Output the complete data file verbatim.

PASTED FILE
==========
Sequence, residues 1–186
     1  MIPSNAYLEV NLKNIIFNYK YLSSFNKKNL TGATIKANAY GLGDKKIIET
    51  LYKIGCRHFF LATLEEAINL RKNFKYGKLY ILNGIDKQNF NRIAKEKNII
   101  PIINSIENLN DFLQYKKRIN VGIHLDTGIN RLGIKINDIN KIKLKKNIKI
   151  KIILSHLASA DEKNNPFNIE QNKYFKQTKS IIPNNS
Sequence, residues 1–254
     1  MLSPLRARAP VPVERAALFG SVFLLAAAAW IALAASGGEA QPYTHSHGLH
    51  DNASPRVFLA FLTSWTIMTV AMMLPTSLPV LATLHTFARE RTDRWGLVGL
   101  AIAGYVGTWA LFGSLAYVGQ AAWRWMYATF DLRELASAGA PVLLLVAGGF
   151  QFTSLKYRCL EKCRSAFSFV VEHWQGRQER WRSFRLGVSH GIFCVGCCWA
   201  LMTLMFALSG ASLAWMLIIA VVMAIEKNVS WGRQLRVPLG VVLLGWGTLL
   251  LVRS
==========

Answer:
Sequence, residues 1–186
     1  MIPSNAYLEV NLKNIIFNYK YLSSFNKKNL TGATIKANAY GLGDKKIIET
    51  LYKIGCRHFF LATLEEAINL RKNFKYGKLY ILNGIDKQNF NRIAKEKNII
   101  PIINSIENLN DFLQYKKRIN VGIHLDTGIN RLGIKINDIN KIKLKKNIKI
   151  KIILSHLASA DEKNNPFNIE QNKYFKQTKS IIPNNS
Sequence, residues 1–254
     1  MLSPLRARAP VPVERAALFG SVFLLAAAAW IALAASGGEA QPYTHSHGLH
    51  DNASPRVFLA FLTSWTIMTV AMMLPTSLPV LATLHTFARE RTDRWGLVGL
   101  AIAGYVGTWA LFGSLAYVGQ AAWRWMYATF DLRELASAGA PVLLLVAGGF
   151  QFTSLKYRCL EKCRSAFSFV VEHWQGRQER WRSFRLGVSH GIFCVGCCWA
   201  LMTLMFALSG ASLAWMLIIA VVMAIEKNVS WGRQLRVPLG VVLLGWGTLL
   251  LVRS